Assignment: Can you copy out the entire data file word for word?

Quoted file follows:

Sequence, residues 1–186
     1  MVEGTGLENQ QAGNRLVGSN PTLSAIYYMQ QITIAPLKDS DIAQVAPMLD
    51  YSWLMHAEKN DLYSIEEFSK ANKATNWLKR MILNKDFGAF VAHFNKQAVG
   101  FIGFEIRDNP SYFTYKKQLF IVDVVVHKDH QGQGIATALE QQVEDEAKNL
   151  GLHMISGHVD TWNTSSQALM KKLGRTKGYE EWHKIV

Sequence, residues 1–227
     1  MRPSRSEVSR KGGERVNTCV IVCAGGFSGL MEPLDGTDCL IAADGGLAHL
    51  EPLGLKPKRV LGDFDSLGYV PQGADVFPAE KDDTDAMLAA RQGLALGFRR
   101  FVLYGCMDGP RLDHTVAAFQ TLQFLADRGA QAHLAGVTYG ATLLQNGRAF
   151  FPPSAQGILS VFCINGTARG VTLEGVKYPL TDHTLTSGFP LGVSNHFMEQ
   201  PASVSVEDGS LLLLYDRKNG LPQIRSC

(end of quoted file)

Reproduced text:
Sequence, residues 1–186
     1  MVEGTGLENQ QAGNRLVGSN PTLSAIYYMQ QITIAPLKDS DIAQVAPMLD
    51  YSWLMHAEKN DLYSIEEFSK ANKATNWLKR MILNKDFGAF VAHFNKQAVG
   101  FIGFEIRDNP SYFTYKKQLF IVDVVVHKDH QGQGIATALE QQVEDEAKNL
   151  GLHMISGHVD TWNTSSQALM KKLGRTKGYE EWHKIV

Sequence, residues 1–227
     1  MRPSRSEVSR KGGERVNTCV IVCAGGFSGL MEPLDGTDCL IAADGGLAHL
    51  EPLGLKPKRV LGDFDSLGYV PQGADVFPAE KDDTDAMLAA RQGLALGFRR
   101  FVLYGCMDGP RLDHTVAAFQ TLQFLADRGA QAHLAGVTYG ATLLQNGRAF
   151  FPPSAQGILS VFCINGTARG VTLEGVKYPL TDHTLTSGFP LGVSNHFMEQ
   201  PASVSVEDGS LLLLYDRKNG LPQIRSC